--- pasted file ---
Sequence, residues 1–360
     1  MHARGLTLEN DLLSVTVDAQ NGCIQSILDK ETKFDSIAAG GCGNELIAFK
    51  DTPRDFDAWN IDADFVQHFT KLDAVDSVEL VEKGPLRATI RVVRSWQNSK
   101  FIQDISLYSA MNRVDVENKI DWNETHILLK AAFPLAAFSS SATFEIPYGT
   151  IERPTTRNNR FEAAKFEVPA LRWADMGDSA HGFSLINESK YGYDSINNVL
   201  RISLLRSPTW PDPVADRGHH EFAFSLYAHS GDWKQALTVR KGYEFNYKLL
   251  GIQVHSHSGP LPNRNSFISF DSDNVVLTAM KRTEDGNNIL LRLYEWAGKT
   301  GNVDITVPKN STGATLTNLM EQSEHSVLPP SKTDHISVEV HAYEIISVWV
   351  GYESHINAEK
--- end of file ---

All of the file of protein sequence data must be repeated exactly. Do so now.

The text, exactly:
Sequence, residues 1–360
     1  MHARGLTLEN DLLSVTVDAQ NGCIQSILDK ETKFDSIAAG GCGNELIAFK
    51  DTPRDFDAWN IDADFVQHFT KLDAVDSVEL VEKGPLRATI RVVRSWQNSK
   101  FIQDISLYSA MNRVDVENKI DWNETHILLK AAFPLAAFSS SATFEIPYGT
   151  IERPTTRNNR FEAAKFEVPA LRWADMGDSA HGFSLINESK YGYDSINNVL
   201  RISLLRSPTW PDPVADRGHH EFAFSLYAHS GDWKQALTVR KGYEFNYKLL
   251  GIQVHSHSGP LPNRNSFISF DSDNVVLTAM KRTEDGNNIL LRLYEWAGKT
   301  GNVDITVPKN STGATLTNLM EQSEHSVLPP SKTDHISVEV HAYEIISVWV
   351  GYESHINAEK